Thursday, April 21, 2016

Who wants an affordable rent?

Private market rents and low-incomes don't mix. We'd like to say this is a recent phenomenon but Anglicare's annual Rental Affordability Snapshot - which has consistently shown affordable rental properties for low-income workers and those receiving income support are practically non-existent across Sydney and other major Australian cities - is now in its sixth year. But the latest report, released today, shows rental affordability continues its decline across regional New South Wales as well.


We're sad to say the problem is entrenched. But is it intractable?

We're often told that the way to improve housing affordability is to increase the supply of housing. Take this comment from NSW Treasurer, Gladys Berejiklian, in the AFR earlier this month:
While we are open to further tax reform, including looking at stamp duty, we believe that the most effective way of tackling housing affordability is to increase supply.
If we apply this logic to the private rental market, what might be required is an increase in the supply of residential property investors who are willing to buy newly constructed dwellings. Now, as we know from our most recent exploration of tax data, an increase in investment does not necessarily mean an increase in the number of landlords, as the rate of second, third, fourth, fifth and sixth-time investors is growing faster than the rate of first-timers. But we also know, and it is well established, that around 90% of new lending and finance to landlords goes towards the purchase of established dwellings rather than new builds. Even so, there are blocks of new units going up all over Sydney and surrounds right now, but as Anglicare's Rental Affordability Snapshot reminds us, rents aren't coming down. Other research confirms the supply of housing does not put downward pressure on prices.
Source - Prof. Peter Phibbs, Shelter NSW seminar New Directions for Housing Fairness"December 2015.

This calls for an exploration into what drives landlords to buy - and the early verdict is that it ain't cheaper homes. It's more expensive ones. Property investors want house prices to rise because they're buying into a kind of superannuation scheme, hoping to replace wages and salaries with rents and access to "financial products" as their portfolios grow in value. Our whole housing system is geared towards the provision of wealth, rather than the provision of homes. Homes for people with a little less money in their pockets? No, that's not what housing is for.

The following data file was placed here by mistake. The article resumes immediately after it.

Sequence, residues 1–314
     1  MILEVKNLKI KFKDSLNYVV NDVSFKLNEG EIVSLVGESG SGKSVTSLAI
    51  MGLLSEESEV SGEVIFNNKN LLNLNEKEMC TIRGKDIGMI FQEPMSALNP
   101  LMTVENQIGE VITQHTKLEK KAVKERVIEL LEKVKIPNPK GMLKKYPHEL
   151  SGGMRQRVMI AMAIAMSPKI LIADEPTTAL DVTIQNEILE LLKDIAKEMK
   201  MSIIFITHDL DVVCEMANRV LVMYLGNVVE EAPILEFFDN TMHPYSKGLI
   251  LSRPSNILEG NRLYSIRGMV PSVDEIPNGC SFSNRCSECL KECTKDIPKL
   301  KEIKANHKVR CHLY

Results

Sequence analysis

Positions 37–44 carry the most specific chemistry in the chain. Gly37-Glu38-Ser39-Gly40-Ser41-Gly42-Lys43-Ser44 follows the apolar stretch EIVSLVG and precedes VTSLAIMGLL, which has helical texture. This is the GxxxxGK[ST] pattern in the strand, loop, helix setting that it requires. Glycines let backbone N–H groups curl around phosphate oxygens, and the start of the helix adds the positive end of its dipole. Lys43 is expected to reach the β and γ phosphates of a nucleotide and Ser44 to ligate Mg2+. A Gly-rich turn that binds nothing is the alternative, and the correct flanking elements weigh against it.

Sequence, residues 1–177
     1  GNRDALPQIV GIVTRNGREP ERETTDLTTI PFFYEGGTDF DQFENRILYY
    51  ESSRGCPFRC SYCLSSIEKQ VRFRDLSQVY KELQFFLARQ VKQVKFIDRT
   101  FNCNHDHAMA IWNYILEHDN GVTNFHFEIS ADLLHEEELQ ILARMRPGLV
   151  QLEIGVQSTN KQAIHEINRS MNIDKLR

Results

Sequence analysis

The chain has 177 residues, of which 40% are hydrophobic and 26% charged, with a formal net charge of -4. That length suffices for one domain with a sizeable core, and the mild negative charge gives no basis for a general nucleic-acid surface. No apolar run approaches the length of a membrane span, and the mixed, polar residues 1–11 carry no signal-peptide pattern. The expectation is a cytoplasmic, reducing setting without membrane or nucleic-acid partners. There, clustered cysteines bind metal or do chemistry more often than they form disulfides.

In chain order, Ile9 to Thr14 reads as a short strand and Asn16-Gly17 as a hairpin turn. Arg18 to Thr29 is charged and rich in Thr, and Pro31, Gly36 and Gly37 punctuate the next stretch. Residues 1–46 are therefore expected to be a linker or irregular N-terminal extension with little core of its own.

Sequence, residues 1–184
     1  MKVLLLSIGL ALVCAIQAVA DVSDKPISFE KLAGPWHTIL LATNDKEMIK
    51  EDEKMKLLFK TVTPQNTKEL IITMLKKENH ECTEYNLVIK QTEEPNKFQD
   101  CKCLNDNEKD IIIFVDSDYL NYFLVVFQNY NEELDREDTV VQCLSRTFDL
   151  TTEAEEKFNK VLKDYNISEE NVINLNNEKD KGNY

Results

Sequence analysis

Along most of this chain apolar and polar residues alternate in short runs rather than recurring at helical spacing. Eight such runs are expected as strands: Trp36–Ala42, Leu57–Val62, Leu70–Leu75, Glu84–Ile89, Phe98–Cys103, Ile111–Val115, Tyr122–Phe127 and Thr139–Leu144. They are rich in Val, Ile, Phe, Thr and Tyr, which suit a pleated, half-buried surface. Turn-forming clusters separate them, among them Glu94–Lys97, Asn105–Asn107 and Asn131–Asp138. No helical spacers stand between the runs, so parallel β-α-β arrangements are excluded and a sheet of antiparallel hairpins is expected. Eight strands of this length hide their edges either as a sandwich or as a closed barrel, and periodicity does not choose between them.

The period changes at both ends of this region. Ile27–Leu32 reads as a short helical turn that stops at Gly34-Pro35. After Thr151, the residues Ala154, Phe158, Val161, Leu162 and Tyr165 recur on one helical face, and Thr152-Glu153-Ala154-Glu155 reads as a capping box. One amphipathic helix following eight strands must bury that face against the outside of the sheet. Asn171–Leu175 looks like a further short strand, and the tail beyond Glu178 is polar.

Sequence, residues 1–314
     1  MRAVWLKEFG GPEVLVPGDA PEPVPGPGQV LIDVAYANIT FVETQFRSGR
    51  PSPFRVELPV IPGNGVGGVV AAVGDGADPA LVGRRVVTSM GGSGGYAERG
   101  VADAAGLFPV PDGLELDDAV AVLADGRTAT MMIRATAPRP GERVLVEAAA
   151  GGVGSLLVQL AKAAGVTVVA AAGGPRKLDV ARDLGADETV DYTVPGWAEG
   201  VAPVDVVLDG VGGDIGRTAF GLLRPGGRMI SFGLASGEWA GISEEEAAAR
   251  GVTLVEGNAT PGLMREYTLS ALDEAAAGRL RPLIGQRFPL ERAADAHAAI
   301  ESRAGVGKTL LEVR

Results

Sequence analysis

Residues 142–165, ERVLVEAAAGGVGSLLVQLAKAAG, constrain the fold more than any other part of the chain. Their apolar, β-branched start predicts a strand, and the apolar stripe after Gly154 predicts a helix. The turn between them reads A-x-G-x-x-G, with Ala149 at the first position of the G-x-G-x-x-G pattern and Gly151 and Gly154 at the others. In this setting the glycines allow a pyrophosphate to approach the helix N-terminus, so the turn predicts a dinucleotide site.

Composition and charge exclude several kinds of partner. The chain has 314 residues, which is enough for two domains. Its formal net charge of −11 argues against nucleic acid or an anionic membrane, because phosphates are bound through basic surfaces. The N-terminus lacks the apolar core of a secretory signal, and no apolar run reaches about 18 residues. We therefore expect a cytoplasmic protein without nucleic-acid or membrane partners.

Our federal tax settings are a case in point. Much has been discussed throughout this election year about negative gearing and capital gains tax discounts, and their impact on house prices and rents. What's not been talked about is the impact these tax settings have on our housing system more generally, and the assumptions upon which they feed. Negative gearing and capital gains tax concessions are just the type of policy settings that encourage an increase in the supply of residential property investment. But whether it is for the first, second or sixteenth time, or in new or established homes, the reasons for investment are the same. It ain't cheaper prices and affordable rents.

Of course, the banks deserve a mention for their part in this housing system, because it's where most of their lending business comes from. As landlords lodge their tax returns each year, we can see their most significant holding cost - and the reason why landlords make consistent losses on their property investments, despite charging unaffordable rents - is the payment of interest on loans. That means our tax system, which subsidises these landlords' losses, is also a boon for the banks.

Throughout all this discussion, tenants have rarely gotten a word in. We'd like to see this oversight addressed, because we make up a significant proportion of the population. Reports such as Anglicare's Rental Affordability Snapshot provide a good opportunity to talk about rents, and what it really takes to find your way in an unaffordable housing system. We can use these moments to remind landlords, journalists, economists and policy-makers that the private rental market is not just the nation's cash cow. It's where we live.

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